Harnessing Uganda’s Film Industry: Thomas Tayebwa’s Pledge to Cultivate Cultural Heritage and Economic Prosperity

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Thomas Tayebwa, the deputy speaker of Uganda pledged to promote the country’s film industry, recognizing its significance in the preservation and promotion of culture and history. During his participation in the 10th Uganda Film Festival Gala Night on 3rd June 2023, Tayebwa emphasized that the government relies on the film sector to showcase the value of culture on a global scale.

Thomas Tayebwa, the deputy speaker, promised to promote Uganda’s film industry, calling it as a crucial platform for the promotion and preservation of culture and history.

Tayebwa, who presided over the 10th Uganda Film Festival (UFF) Gala Night on 3rd June 2023, stated that the government is relying on the film sector to highlight the value of culture to the rest of the globe.

In order to create a new narrative of a developed and extraordinarily talented nation that can rely on artists for transformation, Tayebwa said, “We need locally produced films more than ever before.”

He asserted that Parliament will support efforts to promote the development of an environment that is favourable to the expansion of the creative sector so it can make a distinctive contribution to the expression of culture.

He continued, “There is a virus called piracy which we must fight by all means so that our local content creators can reap their rewards fully from the content they are making. Parliament’s oversight role in Ugandan film can help in alleviating the challenges facing this industry by advocating for the creation of a conducive environment for filming and investing in our industry.

Leading actors, actresses, film directors, screenwriters, and other creatives are honoured for their remarkable contributions to the growth of the film industry at the annual Uganda Film Festival, which showcases Uganda’s top talent in the film industry.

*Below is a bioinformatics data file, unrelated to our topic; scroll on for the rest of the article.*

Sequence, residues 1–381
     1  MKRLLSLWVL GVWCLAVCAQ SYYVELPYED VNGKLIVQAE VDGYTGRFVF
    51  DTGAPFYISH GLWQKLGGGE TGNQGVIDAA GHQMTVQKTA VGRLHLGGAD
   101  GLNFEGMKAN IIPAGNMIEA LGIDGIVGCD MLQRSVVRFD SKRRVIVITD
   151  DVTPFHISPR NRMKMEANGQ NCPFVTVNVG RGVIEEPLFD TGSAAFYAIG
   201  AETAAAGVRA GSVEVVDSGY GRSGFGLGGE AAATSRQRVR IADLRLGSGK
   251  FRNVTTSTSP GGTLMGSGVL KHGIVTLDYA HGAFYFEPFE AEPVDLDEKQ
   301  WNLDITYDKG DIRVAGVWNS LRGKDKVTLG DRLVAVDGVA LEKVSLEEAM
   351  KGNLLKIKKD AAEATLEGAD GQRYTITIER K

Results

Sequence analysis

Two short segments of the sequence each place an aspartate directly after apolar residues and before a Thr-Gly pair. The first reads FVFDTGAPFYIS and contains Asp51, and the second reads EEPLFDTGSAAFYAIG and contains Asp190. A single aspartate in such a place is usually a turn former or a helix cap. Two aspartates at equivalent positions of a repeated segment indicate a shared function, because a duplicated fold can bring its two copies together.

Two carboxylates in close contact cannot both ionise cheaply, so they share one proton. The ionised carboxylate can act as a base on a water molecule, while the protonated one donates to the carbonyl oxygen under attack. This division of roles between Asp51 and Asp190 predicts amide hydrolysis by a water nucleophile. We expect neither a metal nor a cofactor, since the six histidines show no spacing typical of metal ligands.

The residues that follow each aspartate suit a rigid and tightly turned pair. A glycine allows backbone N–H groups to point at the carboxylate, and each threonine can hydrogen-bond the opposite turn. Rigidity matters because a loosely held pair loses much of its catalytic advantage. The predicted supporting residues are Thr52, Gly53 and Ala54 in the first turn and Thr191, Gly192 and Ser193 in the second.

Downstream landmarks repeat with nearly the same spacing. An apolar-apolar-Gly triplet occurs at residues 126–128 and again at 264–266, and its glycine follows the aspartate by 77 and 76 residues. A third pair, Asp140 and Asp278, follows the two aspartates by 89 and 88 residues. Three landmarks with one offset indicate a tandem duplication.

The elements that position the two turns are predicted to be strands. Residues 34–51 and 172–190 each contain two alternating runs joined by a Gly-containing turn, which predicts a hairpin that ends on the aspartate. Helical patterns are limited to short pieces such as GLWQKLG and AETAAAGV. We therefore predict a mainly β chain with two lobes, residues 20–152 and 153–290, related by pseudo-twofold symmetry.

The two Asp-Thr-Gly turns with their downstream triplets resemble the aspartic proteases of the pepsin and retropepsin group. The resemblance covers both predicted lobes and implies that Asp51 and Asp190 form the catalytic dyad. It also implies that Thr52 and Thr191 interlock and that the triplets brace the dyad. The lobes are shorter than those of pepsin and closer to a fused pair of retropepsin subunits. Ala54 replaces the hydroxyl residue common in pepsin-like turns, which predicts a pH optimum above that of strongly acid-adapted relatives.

Tayebwa advised filmmakers to band together in order to organise the government to support them in response to financial shortages that are harming the industry.

We recently enacted a budget for 51 trillion shillings against 234 trillion shillings in priority. Therefore, you must be very organised if you want to be relevant and involved in that. I implore the participants in the film business to band together so that we can have information on how best to support you. Tayebwa added.

He praised the Uganda Communication Commission for its 10 years of support of the film sector.

He claimed that UCC’s ten years of reliability had been crucial in creating the local material we see on our screens.

In a speech read by the Permanent Secretary, Dr. Amina Zawedde, the Minister of ICT and National Guidance, Dr. Chris Baryomunsi, stated that if the business is effectively supported, it may assist to employ a lot of young people.

The local film industry, according to UCC’s acting executive director, Eng. Irene Kaggwa Sewankambo, is a sector with a big chance to generate jobs. She asked Ugandans to support local content as well.

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